Measurable in
the brain with fMRI
learning
observable
Job Attitudes and Actual Behavior
• The belief, attitude, intention sequence is
presumably followed by actual behavior.
• This traditional model suggests that behaviors
(including job performance) are largely
influenced by job attitudes. (e.g., absenteeism)
• Recently, this traditional model has been
questioned as being too simple and some more
comprehensive alternatives have been
developed.
 Components
of Attitudes
• Emotional – feelings about an object
• Informational – beliefs and information about the
object
• Behavioral – tendencies to behave in a particular
manner towards an object (usually behavioral
intentions)
 Only behavioral can be directly observed
(Continued)
 Antecedents
of Work-Related Attitudes:
PA/NA
• Positive affect – overall sense of well-being,
engaged, and experience positive attitudes
• Negative affect – nervous, tense, anxious, and
distressed
 Based
in history of Job Satisfaction
 Formal research began in mid-1930’s
• 1932 I/O textbooks had no mention of job
satisfaction or organizational commitment
• By 1972 over 3000 articles published
specifically exploring worker attitudes
 Why
interest developed
• Methodological breakthroughs
 Survey methods
• Statistical techniques
 Most
Americans like their jobs overall
 People are relatively satisfied with the
nature of the work itself:
• How interesting it is
• Having lots of contact with people
 People
less happy with rewards
• Pay
• Benefits
• Chances for promotion
Determinants of Job Satisfaction
Copyright 1999 by Brent Smith,
Ph.D.
 Influences
on Job Satisfaction
• Mental challenge in the work itself
• Pay
• Promotions
• Supervision
• Work Group
• Working Conditions
 Cultural
interest
• Something most of us believe we are entitled to
or at least desire from our work
 Functional
(practical) reasons
• Link to important organizational outcomes
 Performance…sometimes
 Turnover
 Absenteeism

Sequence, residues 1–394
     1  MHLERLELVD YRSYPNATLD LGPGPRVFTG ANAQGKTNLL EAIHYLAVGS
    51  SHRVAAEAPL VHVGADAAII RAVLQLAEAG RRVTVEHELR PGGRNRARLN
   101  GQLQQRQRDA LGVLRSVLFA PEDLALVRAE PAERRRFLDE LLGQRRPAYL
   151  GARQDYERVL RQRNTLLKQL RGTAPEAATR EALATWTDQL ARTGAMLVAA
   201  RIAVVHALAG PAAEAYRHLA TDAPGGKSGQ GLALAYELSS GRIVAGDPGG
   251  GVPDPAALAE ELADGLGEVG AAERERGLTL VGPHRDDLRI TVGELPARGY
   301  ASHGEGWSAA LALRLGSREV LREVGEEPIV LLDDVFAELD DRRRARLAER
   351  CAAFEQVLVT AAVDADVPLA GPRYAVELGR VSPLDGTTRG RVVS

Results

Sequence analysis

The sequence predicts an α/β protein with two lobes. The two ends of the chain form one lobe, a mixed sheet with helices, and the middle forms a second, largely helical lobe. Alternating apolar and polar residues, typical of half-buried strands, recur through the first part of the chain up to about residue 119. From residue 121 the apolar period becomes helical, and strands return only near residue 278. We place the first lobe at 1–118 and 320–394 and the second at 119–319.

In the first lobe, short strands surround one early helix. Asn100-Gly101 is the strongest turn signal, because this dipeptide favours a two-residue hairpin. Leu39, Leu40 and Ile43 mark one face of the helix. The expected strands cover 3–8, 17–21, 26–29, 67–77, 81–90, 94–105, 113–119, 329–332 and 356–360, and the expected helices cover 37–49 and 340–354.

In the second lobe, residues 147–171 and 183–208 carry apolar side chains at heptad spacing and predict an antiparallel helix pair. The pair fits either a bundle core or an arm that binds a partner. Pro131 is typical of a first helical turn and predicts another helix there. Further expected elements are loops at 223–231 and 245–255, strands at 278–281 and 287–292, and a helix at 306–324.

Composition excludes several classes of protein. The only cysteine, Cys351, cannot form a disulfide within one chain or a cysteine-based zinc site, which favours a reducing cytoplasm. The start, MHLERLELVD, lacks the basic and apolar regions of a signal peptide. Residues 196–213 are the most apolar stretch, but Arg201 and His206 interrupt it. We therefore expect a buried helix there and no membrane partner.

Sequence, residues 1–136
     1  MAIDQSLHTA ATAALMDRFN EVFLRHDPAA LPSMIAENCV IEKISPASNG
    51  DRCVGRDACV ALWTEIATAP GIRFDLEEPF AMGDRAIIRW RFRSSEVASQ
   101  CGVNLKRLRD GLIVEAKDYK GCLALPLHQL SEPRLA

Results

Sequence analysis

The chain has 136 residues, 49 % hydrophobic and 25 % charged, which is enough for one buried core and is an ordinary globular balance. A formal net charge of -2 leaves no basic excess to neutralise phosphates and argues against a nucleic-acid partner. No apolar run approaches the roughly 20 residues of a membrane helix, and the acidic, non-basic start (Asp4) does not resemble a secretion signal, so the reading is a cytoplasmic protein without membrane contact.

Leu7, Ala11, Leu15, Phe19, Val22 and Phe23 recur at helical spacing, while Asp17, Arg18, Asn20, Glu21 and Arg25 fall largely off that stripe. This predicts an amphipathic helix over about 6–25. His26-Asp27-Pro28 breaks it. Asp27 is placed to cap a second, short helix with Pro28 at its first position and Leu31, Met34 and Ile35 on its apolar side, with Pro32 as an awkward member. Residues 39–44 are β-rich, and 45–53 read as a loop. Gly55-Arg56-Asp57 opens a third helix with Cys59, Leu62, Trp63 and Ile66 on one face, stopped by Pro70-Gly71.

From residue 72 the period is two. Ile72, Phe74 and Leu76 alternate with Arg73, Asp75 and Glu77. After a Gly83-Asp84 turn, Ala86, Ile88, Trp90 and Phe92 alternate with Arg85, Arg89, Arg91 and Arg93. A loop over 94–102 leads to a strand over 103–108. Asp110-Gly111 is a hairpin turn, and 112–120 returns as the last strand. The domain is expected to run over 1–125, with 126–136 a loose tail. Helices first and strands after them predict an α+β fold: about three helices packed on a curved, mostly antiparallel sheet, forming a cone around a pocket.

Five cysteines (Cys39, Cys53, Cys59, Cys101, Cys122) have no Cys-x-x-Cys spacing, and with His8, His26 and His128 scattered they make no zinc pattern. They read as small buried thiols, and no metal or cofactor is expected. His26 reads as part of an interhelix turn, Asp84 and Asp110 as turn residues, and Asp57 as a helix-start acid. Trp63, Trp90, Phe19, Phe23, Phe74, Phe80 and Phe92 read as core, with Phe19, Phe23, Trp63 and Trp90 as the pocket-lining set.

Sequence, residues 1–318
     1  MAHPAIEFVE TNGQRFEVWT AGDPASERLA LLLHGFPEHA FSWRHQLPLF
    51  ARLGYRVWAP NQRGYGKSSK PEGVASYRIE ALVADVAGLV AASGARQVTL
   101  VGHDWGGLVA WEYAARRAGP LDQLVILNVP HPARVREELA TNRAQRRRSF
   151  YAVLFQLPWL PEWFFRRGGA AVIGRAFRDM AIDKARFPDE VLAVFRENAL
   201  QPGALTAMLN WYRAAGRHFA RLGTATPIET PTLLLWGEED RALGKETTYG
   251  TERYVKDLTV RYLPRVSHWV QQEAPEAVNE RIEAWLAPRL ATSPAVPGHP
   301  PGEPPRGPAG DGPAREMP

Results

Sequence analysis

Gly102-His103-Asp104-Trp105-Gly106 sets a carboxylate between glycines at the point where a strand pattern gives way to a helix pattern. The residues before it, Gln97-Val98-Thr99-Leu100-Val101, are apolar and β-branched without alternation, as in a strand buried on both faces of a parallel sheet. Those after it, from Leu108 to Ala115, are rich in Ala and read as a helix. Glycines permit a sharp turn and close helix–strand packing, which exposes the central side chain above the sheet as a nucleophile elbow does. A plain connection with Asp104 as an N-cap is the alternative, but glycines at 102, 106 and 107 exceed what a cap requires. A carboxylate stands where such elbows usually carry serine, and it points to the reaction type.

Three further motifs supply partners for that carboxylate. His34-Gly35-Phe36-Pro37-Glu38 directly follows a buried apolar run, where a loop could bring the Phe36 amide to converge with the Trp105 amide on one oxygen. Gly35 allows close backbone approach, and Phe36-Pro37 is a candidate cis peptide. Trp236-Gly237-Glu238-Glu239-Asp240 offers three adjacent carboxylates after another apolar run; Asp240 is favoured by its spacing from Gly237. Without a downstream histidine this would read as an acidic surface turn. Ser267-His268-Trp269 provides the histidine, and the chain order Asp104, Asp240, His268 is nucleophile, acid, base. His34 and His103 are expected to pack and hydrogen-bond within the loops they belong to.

 Counterproductive behaviors
 Outcomes
of Job Satisfaction
(Continued)
• Satisfaction and Performance
• Satisfaction and Turnover
• Satisfaction and Absenteeism
• Other Effects and Ways to Enhance Satisfaction
 Is
a happy worker a productive
worker?
 Correlations positive and low to
moderate
• .16 with overall satisfaction in individual
studies
• .30 with overall satisfaction in meta-analytic
studies
• .10 with specific facets
 Why
is the association not larger?
 The
Meaning of Organizational
Commitment
• Affective
• Continuance
• Normative
Organizational Commitment
Organizational Commitment has
been related to many different
job outcomes
Overall job
satisfaction
Performance (depends
Organizational
Commitment
.53
.11
on financial need)
Turnover
-.28
Conscientiousness
.67
Job involvement
.50
 Guidelines
to Enhance Organizational
Commitment
•
•
•
•
•
People-first
Communication Mission
Org. Justice
Create a community
Support employee development
 Organizational
(OCBs)
Citizenship Behaviors
 Satisfaction
 Commitment
 Embeddedness
 Multi-dimensional
Construct
• self-efficacy
• accountability
• belongingness
• self identity
• Negatively loaded “territoriality”

Correlates
• Leadership
• Empowerment
• Performance
Measurement
 I feel I need to protect my ideas from being used by
others in my organization.
 I am confident in my ability to contribute to my
organization’s success.
 I would challenge anyone in my organization if I
thought something was done wrong.
 I feel I belong in this organization.
 I feel this organization’s success is my success.

 Do
we care if employees are satisfied as
long as they do their job well?
 Describe
your current job: what steps
could be taken to enhance job
satisfaction?
Questions

What is personality?

What are some common personality traits?



Why should knowledge of personality matter to today’s
managers?
Would you say it is better to train personality or to select for
personality?
Describe Big 5, CSET, MBTI, Job Satisfaction, Organizational
Commitment

What are the components of an attitude?

What is self monitoring and why is it important?